Manufacturer is York, a very good company.

The home is in the Heights neighborhood of Houston.

Van Gogh Inspired Wallpaper

July 14, 2021
Powder room was bland white before, with questionable wall texture. Here I have rolled on my wallpaper primer.
Paper is up.
All decked out. Note the mixed metals of chrome, burnished gold, and brushed nickel, which is quite trendy right now.
Close-up shows textured surface that mimics a real oil painting.
Van Gogh Museum brand. Pattern is called “Almond Blossom.”

“What a transformation!” cried the homeowner, when she saw her formerly boring, boxy powder room now color-filled and cheerful. “I’ll have to keep the door open from now on.”

The home is in the Heights neighborhood of Houston.

Tight Pattern in Fleur-De-Lis Mimics Texture from a Distance

July 11, 2021

My “after” full-wall photo didn’t turn out, so you’ll just have to look at the close-up shots.

From a distance, this small, tight pattern with subtle movement looks like a textured wall. It forms a comforting backdrop to the furnishings and activities in this large central area in the home.

This is a clay-coated, hand screened print, and is made by Relativity, a small outfit operating out of Chicago.

The wallpaper went up nicely enough.

Serena & Lily “Feather” in Houston Play Room

June 12, 2021

The original all-white walls didn’t do much to make this play room for young kids feel fun. Mom chose “Feather” by Serena & Lily to pump it up a couple of notches!

In the close-up photo, you can see the irregular lines of this design, as well as the hand-painted, watercolor-y look. The material has a slight “raised ink” texture.

You might think the pattern is a little busy now, but once the furniture is back in place and the artwork goes up, the room will feel more balanced.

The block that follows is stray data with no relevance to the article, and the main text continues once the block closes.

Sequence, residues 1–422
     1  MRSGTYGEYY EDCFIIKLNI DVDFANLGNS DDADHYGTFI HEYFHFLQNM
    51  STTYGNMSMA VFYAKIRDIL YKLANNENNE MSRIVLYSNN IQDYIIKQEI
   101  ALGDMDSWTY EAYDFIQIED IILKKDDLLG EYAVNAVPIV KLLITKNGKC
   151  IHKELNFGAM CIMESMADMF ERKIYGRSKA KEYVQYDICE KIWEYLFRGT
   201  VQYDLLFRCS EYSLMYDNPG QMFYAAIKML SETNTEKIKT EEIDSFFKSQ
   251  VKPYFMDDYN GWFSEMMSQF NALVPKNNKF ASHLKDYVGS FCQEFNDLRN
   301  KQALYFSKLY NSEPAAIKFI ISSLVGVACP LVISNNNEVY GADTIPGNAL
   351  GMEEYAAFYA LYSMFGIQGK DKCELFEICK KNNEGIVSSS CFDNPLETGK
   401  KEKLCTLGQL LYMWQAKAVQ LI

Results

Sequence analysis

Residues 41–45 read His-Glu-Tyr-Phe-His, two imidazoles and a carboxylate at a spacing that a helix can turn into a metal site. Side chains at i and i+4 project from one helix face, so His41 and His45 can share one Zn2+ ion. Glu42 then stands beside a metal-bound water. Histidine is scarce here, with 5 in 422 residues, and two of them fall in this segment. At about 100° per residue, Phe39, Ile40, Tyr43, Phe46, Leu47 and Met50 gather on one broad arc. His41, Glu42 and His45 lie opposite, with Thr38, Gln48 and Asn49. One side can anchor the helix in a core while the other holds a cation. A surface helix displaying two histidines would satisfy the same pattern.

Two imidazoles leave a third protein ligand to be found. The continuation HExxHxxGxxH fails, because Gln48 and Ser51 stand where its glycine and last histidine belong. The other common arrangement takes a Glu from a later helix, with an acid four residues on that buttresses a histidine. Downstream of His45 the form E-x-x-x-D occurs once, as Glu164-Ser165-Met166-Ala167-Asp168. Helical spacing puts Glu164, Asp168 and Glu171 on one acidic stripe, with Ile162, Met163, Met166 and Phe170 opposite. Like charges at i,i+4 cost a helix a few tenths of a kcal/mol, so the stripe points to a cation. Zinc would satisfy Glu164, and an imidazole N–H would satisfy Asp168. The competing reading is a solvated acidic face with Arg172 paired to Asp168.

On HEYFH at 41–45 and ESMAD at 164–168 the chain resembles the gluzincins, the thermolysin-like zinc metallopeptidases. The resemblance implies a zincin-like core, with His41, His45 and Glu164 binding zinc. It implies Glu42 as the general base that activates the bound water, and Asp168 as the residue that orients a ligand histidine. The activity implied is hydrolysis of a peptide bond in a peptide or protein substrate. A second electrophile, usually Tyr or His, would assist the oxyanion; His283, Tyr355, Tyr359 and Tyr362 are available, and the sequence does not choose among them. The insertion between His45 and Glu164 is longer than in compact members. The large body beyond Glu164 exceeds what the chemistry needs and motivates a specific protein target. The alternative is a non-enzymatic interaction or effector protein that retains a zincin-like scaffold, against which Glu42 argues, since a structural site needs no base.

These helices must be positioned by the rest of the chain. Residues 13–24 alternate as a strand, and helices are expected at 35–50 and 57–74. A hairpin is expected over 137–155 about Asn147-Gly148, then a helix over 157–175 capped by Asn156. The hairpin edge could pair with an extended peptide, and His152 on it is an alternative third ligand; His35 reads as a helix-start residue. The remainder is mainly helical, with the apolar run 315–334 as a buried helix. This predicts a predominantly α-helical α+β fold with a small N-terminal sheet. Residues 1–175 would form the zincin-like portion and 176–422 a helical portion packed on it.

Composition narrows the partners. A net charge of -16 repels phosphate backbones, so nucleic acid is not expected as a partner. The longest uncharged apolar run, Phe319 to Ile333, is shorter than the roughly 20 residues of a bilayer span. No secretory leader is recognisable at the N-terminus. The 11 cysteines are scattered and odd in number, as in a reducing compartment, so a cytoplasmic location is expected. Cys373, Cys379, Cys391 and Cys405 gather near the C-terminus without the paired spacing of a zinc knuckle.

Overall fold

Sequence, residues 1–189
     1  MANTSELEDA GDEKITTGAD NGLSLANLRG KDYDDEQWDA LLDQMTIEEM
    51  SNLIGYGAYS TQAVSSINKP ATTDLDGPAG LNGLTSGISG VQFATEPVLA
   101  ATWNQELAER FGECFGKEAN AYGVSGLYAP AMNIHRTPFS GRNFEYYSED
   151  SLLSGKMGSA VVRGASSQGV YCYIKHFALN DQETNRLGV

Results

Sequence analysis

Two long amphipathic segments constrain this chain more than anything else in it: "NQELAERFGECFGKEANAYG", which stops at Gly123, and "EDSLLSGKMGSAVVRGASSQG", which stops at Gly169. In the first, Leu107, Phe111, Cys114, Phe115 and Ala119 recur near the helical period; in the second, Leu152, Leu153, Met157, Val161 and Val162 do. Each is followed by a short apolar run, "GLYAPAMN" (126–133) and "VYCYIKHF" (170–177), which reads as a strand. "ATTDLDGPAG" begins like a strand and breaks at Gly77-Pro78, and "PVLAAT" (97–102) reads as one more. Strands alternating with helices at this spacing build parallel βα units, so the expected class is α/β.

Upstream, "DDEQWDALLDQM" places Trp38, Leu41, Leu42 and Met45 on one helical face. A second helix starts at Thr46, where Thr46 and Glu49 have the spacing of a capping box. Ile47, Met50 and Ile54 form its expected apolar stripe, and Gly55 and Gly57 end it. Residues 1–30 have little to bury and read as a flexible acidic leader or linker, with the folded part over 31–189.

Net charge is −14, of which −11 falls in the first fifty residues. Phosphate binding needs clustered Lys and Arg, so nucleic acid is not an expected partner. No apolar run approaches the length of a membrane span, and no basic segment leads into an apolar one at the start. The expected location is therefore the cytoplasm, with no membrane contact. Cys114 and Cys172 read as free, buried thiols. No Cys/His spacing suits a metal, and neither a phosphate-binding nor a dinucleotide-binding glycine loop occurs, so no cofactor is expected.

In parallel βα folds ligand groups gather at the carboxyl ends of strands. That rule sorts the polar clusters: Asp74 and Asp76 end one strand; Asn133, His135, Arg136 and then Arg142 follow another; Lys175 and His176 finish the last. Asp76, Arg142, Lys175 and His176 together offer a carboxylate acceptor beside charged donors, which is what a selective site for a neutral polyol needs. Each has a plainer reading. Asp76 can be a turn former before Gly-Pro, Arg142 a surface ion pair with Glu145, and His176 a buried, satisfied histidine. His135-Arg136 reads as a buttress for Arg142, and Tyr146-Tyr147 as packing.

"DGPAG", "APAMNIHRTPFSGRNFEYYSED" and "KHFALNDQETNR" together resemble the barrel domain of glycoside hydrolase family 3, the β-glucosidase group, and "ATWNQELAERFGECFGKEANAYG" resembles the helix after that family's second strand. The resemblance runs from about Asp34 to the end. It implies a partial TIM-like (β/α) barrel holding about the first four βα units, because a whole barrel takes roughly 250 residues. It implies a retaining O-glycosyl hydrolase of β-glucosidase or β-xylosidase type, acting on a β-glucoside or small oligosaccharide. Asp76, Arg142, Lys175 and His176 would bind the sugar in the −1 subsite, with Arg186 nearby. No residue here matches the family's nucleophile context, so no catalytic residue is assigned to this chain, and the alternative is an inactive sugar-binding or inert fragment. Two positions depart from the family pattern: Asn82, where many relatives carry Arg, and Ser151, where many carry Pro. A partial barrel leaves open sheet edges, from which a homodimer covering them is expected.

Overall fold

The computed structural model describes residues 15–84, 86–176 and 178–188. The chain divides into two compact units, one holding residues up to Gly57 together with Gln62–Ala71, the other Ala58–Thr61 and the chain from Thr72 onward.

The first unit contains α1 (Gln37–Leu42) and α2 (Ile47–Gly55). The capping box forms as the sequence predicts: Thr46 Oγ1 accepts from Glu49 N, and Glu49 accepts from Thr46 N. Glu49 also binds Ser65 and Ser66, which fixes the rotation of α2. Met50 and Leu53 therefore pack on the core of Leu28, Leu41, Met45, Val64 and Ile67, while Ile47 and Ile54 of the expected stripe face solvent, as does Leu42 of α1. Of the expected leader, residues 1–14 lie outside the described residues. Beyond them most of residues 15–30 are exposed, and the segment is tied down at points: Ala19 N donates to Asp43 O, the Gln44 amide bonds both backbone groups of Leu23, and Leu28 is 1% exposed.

The homeowners also commented that the pattern on the walls makes the room feel bigger and less “lost” than with the all-white look.

The home is in the Braes Heights neighborhood of southwest inner Loop Houston. The wallpaper is called “Feather” and is by Serena & Lily – one of my favorite brands.

Getting Smoothing Compound to Dry Quickly

May 5, 2021

In my previous post, the wall had the thick, knock-down texture that is typical in new tract homes in the Houston area. You can’t hang wallpaper on this texture, because it looks bad under the paper, and because it interferes with good adhesion.

The solution is to “skim-float” the walls with joint compound, a.k.a. “mud,” which is much like plaster. The mud needs time to dry. When the texture on the walls is super heavy, as in this home, I usually let the smoothing compound dry overnight. That does add an extra day – and an extra day’s cost – to the job.

To save these homeowners from paying for that extra day, we pulled out all the stops. In this photo, you see my two box fans and my heavy-duty black floor fan blasting away at the wall. In addition, we have the room’s ceiling fan. And, in the lower left corner, the homeowner added his yellow “squirrel cage” fan.

Once the wall got half-way dry, I used my heat gun – the yellow gizmo you see lying on the dropcloth, which I call “The Great Persuader” – to speed up the drying process in stubborn areas.

Still, it took a long time for the wall to completely dry. Next I had to sand the “mud” smooth, vacuum up the dust, wipe residual dust off the wall with a damp sponge, and then apply a primer.

Start to finish, all that prep, plus hanging the paper – a whole 3.1 strips in 35 sq. ft. of space – took nearly eight hours.

Whoops! Someone Painted Over Old Wallpaper

April 21, 2021

Just looking at the walls, I had not noticed . But when I removed the light switch cover, it was clear that someone didn’t bother to remove the old wallpaper, and just painted over it.

Actually, they probably did do some prep, because you could not see seams under the paint. They must have taken steps to cover the seams.

And there was no flashing … difference in texture between paint over wallpaper, for instance, and paint over smoothing compound that was used to disguise those seams.

And there were no bubbles (caused by latex paint on top of wallpaper that absorbs moisture from the paint and swells) and only a few tiny loose areas.

Still, it would have been better if the previous guy had put some effort into removing the wallpaper, and then washing the paste off the wall and then sealing with a stain blocker, to prevent paste residue from causing the new paint to crackle and flake off the wall. Then the room would be adequately ready for paint.